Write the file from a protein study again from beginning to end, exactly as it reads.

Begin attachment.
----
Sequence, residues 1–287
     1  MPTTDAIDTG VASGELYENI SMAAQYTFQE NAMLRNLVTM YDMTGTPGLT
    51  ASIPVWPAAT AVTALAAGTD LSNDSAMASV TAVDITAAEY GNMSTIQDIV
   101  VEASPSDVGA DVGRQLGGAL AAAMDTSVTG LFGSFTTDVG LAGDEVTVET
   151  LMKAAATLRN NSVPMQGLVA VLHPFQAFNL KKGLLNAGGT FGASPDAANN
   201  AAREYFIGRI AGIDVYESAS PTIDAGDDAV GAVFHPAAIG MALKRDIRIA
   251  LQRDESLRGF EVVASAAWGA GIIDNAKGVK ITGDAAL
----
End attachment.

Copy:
Sequence, residues 1–287
     1  MPTTDAIDTG VASGELYENI SMAAQYTFQE NAMLRNLVTM YDMTGTPGLT
    51  ASIPVWPAAT AVTALAAGTD LSNDSAMASV TAVDITAAEY GNMSTIQDIV
   101  VEASPSDVGA DVGRQLGGAL AAAMDTSVTG LFGSFTTDVG LAGDEVTVET
   151  LMKAAATLRN NSVPMQGLVA VLHPFQAFNL KKGLLNAGGT FGASPDAANN
   201  AAREYFIGRI AGIDVYESAS PTIDAGDDAV GAVFHPAAIG MALKRDIRIA
   251  LQRDESLRGF EVVASAAWGA GIIDNAKGVK ITGDAAL